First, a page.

Apple's 2020 iPhone: 5G, screen sizes, and first signs of a huge change

Two out of three of Apple's 2020 iPhone range will support 5G, according to analyst predictions, though it may not be another few years before the Cupertino company really shakes up the high-speed smartphone space. While Apple is yet to announce its 2019 iPhone line-up, something expected to happen in a few months time, no small amount of attention is already being paid to its replacement next year.

That's in part because the 2020 iPhone 5G promises to be more interesting than the 2019 iPhone. Long-standing rumors and leaks have pegged next year as the first time Apple will use 5G in its smartphones, opting to take a more patient approach than Android-powered rivals as it waits for network coverage to proliferate and the technology to mature.

That 5G technology will be provided by Qualcomm, after Intel shuttered its 5G modem business for smartphones. Apple and Qualcomm settled their long-standing patent dispute, and inked a deal back in April that will see future Apple devices getting Qualcomm silicon inside. Now, we're getting a better idea of what those devices might be.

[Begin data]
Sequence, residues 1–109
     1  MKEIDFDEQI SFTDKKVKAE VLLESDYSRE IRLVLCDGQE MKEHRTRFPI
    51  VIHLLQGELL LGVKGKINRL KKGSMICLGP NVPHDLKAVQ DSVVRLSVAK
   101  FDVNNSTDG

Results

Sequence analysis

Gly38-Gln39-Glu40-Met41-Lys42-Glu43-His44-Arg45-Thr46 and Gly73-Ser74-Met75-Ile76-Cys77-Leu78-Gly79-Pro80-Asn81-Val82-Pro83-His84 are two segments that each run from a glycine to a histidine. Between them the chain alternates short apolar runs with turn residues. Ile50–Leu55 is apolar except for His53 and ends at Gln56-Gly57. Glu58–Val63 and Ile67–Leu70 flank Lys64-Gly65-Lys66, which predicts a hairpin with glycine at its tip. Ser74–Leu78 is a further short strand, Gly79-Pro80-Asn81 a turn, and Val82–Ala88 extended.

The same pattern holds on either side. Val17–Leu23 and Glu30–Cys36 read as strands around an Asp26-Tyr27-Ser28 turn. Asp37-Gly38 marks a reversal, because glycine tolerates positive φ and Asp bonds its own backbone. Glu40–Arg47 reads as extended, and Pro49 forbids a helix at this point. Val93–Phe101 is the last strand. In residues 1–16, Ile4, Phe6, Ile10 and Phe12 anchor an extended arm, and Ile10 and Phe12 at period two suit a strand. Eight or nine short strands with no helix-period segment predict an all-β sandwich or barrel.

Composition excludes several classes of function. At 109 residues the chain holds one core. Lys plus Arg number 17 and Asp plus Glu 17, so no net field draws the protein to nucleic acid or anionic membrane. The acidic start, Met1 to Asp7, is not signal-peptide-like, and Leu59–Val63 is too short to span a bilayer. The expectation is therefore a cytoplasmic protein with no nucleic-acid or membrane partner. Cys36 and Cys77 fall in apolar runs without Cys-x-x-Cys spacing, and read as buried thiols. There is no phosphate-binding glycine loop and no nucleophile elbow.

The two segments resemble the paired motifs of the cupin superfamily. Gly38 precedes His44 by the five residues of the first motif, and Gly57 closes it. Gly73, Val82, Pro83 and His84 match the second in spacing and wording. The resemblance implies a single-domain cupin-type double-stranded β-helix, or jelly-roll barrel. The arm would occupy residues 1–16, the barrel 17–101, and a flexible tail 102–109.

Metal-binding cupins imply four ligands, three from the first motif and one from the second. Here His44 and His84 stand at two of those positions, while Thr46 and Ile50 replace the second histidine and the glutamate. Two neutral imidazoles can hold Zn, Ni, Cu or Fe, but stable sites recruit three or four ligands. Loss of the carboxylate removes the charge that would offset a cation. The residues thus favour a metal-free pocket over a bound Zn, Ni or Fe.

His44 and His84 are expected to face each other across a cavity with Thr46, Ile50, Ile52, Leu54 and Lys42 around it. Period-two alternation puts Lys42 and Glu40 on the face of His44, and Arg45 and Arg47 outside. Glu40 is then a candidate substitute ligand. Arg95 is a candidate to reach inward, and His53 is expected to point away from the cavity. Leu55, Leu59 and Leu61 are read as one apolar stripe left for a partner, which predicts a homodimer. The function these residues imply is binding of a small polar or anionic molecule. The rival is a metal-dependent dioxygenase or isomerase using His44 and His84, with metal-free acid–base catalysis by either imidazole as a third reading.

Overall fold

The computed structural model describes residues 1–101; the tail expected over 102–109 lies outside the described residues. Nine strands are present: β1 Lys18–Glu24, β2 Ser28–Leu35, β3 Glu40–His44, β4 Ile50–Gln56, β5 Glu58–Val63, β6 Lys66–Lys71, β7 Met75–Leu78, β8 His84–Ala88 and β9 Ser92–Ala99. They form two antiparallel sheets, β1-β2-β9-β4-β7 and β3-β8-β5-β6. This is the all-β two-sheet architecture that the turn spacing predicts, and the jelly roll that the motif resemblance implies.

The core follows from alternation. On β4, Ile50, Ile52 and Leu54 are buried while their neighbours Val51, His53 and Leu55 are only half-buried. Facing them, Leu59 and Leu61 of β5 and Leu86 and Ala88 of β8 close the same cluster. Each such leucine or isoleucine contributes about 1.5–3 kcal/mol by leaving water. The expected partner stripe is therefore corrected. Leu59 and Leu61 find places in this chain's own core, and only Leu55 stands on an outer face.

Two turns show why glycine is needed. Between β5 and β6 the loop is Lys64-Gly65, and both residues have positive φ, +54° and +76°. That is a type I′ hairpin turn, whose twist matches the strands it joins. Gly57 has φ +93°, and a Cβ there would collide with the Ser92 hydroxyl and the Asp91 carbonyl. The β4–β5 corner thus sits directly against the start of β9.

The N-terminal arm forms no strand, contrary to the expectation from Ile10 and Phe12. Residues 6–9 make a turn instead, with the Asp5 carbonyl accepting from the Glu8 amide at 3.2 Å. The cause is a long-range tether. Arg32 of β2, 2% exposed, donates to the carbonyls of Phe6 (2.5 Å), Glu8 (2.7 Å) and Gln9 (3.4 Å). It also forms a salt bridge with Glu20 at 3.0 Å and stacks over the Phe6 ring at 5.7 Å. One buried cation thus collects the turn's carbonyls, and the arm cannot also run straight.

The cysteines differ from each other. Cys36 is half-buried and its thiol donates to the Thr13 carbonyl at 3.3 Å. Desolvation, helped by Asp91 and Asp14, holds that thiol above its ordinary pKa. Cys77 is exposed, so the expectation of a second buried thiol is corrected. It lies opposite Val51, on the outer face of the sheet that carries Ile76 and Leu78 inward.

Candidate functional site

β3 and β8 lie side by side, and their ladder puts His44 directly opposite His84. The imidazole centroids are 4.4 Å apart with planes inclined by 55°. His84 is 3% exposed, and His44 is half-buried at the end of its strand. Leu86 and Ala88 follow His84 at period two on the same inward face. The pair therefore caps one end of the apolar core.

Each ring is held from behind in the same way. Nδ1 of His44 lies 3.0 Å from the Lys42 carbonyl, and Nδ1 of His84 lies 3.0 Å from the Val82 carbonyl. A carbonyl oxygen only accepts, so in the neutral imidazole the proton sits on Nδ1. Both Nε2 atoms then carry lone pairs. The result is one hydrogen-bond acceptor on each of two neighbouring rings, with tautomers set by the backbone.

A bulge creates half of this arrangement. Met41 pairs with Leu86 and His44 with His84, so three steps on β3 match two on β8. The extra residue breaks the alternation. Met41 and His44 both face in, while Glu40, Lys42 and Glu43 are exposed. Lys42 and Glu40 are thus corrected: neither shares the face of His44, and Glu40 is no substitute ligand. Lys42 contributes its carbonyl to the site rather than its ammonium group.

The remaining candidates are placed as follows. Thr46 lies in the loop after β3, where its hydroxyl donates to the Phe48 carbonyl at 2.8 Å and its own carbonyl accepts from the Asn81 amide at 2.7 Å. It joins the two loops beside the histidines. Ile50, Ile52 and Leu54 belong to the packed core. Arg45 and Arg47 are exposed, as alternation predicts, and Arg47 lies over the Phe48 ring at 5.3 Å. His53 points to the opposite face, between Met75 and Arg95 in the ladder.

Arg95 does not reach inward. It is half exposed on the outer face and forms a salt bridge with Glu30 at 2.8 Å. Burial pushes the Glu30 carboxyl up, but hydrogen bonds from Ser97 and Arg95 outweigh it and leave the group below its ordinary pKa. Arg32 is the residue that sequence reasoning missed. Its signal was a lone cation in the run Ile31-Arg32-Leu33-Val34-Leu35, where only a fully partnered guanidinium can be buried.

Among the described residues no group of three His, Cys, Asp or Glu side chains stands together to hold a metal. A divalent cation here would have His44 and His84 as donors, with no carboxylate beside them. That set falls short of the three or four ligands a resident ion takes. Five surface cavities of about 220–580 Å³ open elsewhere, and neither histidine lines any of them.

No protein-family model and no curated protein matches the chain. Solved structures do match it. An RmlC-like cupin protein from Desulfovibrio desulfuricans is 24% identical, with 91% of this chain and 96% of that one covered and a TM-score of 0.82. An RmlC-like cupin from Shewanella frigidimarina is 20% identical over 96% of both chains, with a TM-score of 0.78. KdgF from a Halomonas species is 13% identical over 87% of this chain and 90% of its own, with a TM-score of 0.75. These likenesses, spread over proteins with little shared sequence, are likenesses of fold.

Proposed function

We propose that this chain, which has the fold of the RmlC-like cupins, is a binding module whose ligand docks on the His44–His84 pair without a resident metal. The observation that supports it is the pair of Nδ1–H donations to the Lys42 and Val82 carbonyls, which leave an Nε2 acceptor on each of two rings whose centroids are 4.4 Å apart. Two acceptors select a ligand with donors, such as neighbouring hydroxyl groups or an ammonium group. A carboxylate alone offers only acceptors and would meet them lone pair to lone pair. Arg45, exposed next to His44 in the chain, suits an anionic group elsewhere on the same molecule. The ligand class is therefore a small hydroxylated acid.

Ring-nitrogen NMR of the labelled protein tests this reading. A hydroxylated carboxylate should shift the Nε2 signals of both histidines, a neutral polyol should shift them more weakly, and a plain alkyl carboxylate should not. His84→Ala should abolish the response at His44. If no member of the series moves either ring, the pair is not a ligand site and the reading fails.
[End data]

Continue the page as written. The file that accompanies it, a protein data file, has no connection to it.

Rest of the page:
There'll be three iPhone models in 2020, according to analyst Ming-Chi Kuo, in a research note to investors shared by Antutu. Of the three, only two will get 5G it's suggested. They'll have 5.4-inch and 6.7-inch displays, and be the de-factor second-generation successors to this year's iPhone XS and iPhone XS Max.

A third phone, in the ilk of the iPhone XR, will have a 6.1-inch display it's suggested. That device won't have 5G, however. All three handsets are expected to use OLED panels, a change which Apple could implement as early as this year for the 2019 iPhone refresh.

Apple 5G modems are in development

Potentially more interesting, however, are Apple's plans for homegrown 5G chips. Initially, the company is expected to use Qualcomm's 5G baseband, building on the stability of its settled deal earlier this year. However it is also working on its own modem technology, which is said to begin to appear in iPhones by next year.

Rather than use Qualcomm's RF360 front-end chips, which include power amplifiers and other modules, Apple is said to be working on its own. They're being co-developed with Broadcom, the analyst says, with Qualcomm's versions being held in reserve should that process prove to be more tricky than expected.

Come 2022 or 2023, however, things get more serious. Then, Apple is expected to launch its own 5G baseband chip, bringing development in-house much in the same way that it has designed its own A-series application processors over the past years. It's goal there is likely much the same as it was with the CPUs: by tailoring a specific chipset to work with iOS, it will be able to better manage factors like power consumption and optimize performance in a way that is harder to do with a more generic 5G modem.